Sexually exploiting horses for fun, profit, and advancement of science

From ANIMAL PEOPLE, July/August 1997:

The rare sentencing of two serial
sexual assailants of mares in less
than six weeks leaves horse people
less relieved than fearful.
Found not guilty by reason of
insanity or mental defect of sexually
assaulting a pregnant mare on June
1, 1996, Sterling Rachwal, 33, of
Weyauwega County, Wisconsin,
was on May 13 sent to a state mental
institution for up to 18 and a half
years––two thirds of the 28-year
maximum for conviction.

Rachwal had similar convictions
in 1982, 1984, and 1988, and
when arrested last year was awaiting
retrial after a successful appeal of a
conviction for allegedly sexually
assaulting three horses who were
euthanized due to their injuries.
“Whatever causes this defendant
to act in this fashion is a problem
of long standing that won’t be
cured in a couple of years,” assistant
district attorney James
Fassbender told the court. But there
is apparently no minimum time that
Rachwal must be confined. He was
to have served 14 years in prison for
the 1993 assaults.
Paul Millhouse, 49, of
Spring Valley, California, on May
13 pleaded guilty to misdemeanor
lewd conduct, as charges of sexual
assault and trespassing were
dropped. On June 10, municipal
court judge Larrie Brainard barred
Millhouse from entering the city of
Lakeside, where San Diego Zoo
spokesperson Joan Embery first
reported Millhouse for allegedly
sexually assaulting horses more than
a decade ago. Millhouse was
charged, however, only after two
private detectives hired by one of
Embery’s neighbors videotaped him
in the act of disrobing and fondling a
horse, then restrained him at the
scene until police came. Brainard
also ordered Millhouse to stay 200
yards from any livestock, to pay
$300 in fines and restitution, and to
seek counseling.
Objected defense attorney
Sujung Kim, “He does not hurt the
horses. We think it’s unreasonable
that the court ask him to stay away
from all animals.”
The difficulty of prosecuting
alleged sexual assaults on horses
was highlighted last year when Carol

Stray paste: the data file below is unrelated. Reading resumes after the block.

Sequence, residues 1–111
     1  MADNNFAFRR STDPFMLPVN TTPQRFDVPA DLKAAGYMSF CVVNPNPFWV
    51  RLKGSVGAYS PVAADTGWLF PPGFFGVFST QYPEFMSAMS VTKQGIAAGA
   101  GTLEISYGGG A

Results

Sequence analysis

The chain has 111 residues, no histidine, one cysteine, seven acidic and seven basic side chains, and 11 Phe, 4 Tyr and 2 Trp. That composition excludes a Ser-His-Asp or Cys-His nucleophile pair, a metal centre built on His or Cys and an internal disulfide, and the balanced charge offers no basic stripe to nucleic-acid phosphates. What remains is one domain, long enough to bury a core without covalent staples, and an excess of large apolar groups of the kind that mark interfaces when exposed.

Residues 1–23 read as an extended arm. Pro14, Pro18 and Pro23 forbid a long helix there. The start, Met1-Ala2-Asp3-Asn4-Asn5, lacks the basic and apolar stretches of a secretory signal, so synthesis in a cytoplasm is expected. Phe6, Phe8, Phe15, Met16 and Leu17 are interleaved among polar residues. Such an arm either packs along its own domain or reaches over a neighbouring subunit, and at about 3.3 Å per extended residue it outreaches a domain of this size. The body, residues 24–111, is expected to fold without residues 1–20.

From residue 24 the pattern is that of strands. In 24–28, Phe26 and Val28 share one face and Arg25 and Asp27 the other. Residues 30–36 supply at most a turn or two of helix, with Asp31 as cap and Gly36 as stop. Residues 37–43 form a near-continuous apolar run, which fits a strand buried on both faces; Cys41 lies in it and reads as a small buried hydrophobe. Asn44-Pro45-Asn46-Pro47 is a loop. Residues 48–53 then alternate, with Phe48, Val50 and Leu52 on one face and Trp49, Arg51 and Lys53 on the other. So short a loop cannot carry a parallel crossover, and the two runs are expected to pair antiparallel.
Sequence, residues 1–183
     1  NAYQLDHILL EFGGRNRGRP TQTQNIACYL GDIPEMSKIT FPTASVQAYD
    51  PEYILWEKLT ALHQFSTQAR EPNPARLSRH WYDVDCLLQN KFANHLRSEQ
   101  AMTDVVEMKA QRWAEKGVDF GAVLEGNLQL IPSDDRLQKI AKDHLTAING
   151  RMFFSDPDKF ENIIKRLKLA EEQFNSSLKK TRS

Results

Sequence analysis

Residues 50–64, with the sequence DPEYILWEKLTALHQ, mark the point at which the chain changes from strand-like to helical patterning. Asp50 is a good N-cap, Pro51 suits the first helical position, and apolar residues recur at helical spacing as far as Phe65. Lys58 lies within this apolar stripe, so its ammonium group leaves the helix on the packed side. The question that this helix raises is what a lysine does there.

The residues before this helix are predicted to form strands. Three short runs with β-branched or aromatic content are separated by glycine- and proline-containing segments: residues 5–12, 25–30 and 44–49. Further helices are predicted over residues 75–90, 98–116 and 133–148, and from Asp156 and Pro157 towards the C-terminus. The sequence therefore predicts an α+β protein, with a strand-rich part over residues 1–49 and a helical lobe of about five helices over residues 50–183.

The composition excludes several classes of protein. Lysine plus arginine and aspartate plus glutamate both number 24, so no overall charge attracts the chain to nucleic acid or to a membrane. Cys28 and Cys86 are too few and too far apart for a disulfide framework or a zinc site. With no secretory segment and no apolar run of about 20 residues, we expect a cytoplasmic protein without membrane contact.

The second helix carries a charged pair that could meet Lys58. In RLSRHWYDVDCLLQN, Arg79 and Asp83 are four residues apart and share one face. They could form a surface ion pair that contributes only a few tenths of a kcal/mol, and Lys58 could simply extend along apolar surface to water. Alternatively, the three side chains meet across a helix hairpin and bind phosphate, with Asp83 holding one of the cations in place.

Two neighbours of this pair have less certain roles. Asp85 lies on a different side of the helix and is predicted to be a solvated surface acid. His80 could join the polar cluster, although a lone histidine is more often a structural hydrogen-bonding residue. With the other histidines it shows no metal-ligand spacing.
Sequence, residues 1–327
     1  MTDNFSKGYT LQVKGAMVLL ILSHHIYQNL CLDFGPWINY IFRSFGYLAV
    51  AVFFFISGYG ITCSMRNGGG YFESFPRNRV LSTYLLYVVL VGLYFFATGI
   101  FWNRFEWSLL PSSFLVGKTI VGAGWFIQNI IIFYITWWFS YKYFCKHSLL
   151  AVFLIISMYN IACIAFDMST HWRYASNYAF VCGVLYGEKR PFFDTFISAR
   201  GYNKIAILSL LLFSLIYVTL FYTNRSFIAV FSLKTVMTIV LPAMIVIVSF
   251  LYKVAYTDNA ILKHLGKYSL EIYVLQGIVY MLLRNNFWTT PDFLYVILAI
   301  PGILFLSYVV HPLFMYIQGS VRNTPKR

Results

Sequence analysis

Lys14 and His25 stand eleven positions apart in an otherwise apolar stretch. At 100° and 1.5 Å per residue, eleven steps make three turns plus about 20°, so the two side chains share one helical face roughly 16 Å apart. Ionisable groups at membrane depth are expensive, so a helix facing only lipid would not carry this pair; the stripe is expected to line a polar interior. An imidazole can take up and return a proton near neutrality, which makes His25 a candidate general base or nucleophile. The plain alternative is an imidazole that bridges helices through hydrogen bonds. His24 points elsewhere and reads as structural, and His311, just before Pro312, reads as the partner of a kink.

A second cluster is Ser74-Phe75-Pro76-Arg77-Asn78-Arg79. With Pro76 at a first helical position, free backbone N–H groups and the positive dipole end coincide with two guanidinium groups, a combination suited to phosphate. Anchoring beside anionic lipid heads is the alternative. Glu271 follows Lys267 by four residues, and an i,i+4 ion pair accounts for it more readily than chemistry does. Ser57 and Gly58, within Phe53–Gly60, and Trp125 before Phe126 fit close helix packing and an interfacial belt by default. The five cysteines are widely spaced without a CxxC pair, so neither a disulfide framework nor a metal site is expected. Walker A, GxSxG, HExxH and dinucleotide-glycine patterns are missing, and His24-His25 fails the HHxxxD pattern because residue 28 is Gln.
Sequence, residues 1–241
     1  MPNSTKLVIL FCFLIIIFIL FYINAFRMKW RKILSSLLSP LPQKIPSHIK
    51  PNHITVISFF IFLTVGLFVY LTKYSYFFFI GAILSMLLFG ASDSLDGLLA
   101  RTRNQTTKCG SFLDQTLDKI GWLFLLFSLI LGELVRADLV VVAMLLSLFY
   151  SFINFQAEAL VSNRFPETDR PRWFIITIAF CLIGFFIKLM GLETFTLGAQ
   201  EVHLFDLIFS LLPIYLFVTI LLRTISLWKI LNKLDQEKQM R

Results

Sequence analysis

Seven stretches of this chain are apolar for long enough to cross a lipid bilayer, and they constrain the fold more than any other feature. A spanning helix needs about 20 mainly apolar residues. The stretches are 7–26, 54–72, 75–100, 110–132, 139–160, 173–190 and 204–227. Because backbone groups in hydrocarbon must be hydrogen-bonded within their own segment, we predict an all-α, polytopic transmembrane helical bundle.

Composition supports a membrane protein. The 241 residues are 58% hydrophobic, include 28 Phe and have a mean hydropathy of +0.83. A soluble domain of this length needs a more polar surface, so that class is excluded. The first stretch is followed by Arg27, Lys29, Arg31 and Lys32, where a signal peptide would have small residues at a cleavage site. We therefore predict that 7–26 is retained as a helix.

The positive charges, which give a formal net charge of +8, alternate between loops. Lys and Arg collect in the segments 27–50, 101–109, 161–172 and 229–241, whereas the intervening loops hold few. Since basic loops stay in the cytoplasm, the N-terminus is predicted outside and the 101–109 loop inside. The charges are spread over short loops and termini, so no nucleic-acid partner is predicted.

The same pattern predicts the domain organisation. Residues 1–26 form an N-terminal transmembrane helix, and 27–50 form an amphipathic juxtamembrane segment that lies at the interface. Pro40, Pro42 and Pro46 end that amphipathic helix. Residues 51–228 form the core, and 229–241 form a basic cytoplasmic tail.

Jackson, of Eagleville, Tennessee,
reported witnessing her neighbor
Earl Graves, 68, in the act of having
sexual intercourse with a miniature
mare in his carport. Finding no
law against bestiality in Tennessee,
sheriff’s deputies charged Graves
with indecent exposure. The case is
apparently still pending.
Even harder than prosecuting
alleged offenders is catching
them. Police in southern England,
the Washington D.C. area, and
Germany have been baffled for more
than 15 years by serial sexual mutilations
of mares, which along with
similar unsolved assaults in Tupelo,
Mississippi, and near Boston,
Massachusetts, may be mostly the
work of one individual. Five such
attacks in three weeks, all in southern
England, followed the May ITV
broadcast of a series, Touching Evil,
which featured the investigation.
Over the years, at least 27 men in
England and three in Germany have
been questioned, and in one German
case a man confessed to nine such
assaults, reportedly driven by hatred
of women, but a resident of
Garmissen, Germany, suspected of
sexually attacking mares with a
stiletto and a curved saber, may
have escaped prosecution because
the key evidence, a marked map,
was apparently lost when his abandoned
car was crushed for scrap.
The assaults, progressively
more frequent and vicious,
occurred mainly in England, 1981-
1993, but included similar attacks in
Virginia in 1990-1991, clustered
around major holidays, and in
Maryland between August 26 and
October 5, 1993. Parallel attacks
began in northern Germany in 1992,
coinciding with escalated activity in
Hampshire, England, a long ferry
ride away. Between then and mid1996,
more than 300 German horses
were attacked, 10 times as many as
in England; 89 were fatally injured.